Offered by Galerie Léage
French furniture of the 18th century
This exceptionally large Compigné painting, in stamped pewter leaf and enhanced with gold and gouache, represents a view from the gardens of the Palais Royal. In the foreground, several parallel alleys shut by trellises frame a wider alley leading to a circular pond in the center of which gushes a large spurt of water.
The central alley is extending to the Cour d'Honneur of the Palais Royal, which entrance is delimited by a barrier. Two green carpets framed by trees skillfully trimmed into a ball shape
extend in front of the façade of the Palace. This one, constituting the background of the composition, accurately reproduces the somewhat heterogeneous elevation of the building. Thus, the central facade of the eighteenth century, now gone, with its two levels of elevation and three bays is topped by a roof punctuated with oculi. Preceded by the main courtyard, it is flanked on the right by a main building with a high roof and on the left by buildings with mansard roofs, which are also in the continuity of other buildings at right angles adorned with balconies on the second floor. On the left, high roofs can be seen in the background, matching the Opera’s and the one above the staircase. Another set of buildings also close the composition on the right. Following fires and changes of use, the elevation here shown has undergone several alterations since the end of the 18th century and is therefore quite different from the one that can be seen today. It corresponds to the Palais Royal as it was in the second third of the 18th century. The numerous ramblers evoke the success of the gardens. Opened to the public, they were a very popular stroll at the time.
The whole composition is underlined by a frame of green scrolls on a cream background, encircled by white scrolls on a green background with pewter borders.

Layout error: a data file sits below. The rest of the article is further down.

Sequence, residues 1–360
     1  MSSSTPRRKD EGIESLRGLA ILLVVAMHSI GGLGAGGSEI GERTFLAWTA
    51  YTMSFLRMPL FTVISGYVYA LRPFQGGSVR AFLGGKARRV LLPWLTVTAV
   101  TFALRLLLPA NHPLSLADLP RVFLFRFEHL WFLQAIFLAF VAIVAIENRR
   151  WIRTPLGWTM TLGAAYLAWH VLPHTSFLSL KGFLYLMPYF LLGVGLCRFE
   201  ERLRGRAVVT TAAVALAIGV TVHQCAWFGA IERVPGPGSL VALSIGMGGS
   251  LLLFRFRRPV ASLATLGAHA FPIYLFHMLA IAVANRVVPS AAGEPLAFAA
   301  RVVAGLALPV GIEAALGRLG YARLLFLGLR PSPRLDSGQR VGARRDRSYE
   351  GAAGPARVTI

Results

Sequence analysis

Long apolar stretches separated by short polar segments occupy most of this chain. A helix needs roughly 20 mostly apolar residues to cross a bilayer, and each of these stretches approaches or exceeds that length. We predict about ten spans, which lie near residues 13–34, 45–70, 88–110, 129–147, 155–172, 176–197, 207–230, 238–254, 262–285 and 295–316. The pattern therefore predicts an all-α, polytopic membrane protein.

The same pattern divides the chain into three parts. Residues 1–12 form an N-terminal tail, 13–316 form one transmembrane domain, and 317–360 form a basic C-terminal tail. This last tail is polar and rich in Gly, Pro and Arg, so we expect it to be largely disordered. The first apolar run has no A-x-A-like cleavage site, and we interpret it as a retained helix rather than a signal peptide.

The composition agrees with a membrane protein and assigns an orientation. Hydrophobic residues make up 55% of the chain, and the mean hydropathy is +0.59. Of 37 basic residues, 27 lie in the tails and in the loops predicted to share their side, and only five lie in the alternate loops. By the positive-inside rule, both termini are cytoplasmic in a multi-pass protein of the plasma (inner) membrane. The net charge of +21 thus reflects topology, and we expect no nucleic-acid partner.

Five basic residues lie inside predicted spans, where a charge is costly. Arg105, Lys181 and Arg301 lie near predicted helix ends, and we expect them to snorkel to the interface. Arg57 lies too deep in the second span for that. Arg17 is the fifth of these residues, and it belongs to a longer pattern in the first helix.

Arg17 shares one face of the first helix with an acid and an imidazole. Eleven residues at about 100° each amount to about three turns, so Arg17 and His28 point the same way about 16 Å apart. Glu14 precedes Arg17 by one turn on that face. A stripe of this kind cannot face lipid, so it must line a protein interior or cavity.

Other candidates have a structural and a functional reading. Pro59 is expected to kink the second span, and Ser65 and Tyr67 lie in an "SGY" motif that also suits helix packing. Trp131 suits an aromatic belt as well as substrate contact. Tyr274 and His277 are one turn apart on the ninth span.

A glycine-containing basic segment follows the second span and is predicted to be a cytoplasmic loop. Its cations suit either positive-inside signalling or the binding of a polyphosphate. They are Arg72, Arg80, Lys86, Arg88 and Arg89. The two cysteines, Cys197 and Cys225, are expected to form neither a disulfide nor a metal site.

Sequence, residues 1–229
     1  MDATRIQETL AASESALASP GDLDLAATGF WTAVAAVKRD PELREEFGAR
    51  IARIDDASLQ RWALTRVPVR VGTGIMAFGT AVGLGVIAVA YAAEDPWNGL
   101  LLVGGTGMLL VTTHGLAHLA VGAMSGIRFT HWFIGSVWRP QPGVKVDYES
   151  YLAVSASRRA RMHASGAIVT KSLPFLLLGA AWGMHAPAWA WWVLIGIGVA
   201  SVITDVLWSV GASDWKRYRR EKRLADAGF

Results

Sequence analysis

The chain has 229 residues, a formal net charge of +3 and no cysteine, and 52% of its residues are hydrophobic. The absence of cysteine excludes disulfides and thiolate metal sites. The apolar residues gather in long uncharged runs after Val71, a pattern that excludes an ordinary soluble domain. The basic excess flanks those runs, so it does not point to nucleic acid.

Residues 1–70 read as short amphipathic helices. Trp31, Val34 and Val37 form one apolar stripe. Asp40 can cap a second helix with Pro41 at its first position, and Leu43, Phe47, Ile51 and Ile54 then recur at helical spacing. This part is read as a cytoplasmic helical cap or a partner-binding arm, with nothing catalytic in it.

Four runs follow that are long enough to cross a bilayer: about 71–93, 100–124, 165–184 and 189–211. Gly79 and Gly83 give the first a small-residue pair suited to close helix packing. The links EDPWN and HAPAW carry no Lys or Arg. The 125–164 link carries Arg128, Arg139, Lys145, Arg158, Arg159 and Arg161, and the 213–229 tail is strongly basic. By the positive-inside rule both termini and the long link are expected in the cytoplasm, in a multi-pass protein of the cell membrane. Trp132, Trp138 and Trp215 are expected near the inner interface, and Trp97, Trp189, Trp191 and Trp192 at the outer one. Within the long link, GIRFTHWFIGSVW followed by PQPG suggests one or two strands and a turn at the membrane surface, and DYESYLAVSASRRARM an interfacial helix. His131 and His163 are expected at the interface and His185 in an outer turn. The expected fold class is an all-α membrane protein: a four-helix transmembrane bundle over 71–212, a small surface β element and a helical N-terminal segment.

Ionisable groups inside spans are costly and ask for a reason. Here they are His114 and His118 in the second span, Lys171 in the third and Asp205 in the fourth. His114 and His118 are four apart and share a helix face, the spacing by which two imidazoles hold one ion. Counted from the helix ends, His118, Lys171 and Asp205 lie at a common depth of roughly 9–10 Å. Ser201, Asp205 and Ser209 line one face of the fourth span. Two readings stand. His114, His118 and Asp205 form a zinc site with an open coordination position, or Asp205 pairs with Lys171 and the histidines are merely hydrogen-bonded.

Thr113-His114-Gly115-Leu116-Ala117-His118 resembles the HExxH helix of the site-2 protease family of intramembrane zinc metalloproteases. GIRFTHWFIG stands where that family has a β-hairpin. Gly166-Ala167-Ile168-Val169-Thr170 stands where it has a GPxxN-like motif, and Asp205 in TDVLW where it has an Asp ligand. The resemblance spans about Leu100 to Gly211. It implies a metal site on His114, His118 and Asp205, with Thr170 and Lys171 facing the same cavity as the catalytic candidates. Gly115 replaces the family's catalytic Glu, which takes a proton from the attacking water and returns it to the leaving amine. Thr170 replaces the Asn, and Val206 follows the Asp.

Paintings in Compigné
Of great preciousity and variety of materials, the paintings in Compigné were made according to a mysterious process starting from a sheet of cardboard or tortoiseshell to which a pewter or gold leaf was applied. The surface could then be decorated with gold, silver, gouache and colored varnishes. These miniatures, known today under the name of Compigné, had a great success in the 1760s.The small format, characteristic of this production, required to work in extreme precision, probably with the help of a magnifying glass in order to develop the perfection of these technical details and colors.
Th rectangular paintings were generally about 8 inches wide. This one is 12,5 inches wide and is therefore remarkable for its size.
Thomas Compigni probably arrived from Italy around 1750, and later on took the name Compigné when he settled in the shop Roi David, rue Greneta, in Paris. As a tabletier, he specialized in the manufacture and sale of boxes, knitting sets, draughts and chess sets, snuffboxes and other cane handles of blond tortoiseshell inlaid with gold. Renowned for the quality of his objects, he passed on to posterity through the production of precious paintings which technique remains unknown to that day. In 1773, he presented two views of the Château
de Saint-Hubert to the King and obtained the title of “tabletier privilégié du Roi” under Louis XV and Louis XVI. His themes of predilection were most often views of towns, monuments, and châteaux in the extension of park or landscape perspective. The ensembles were almost always animated by small characters.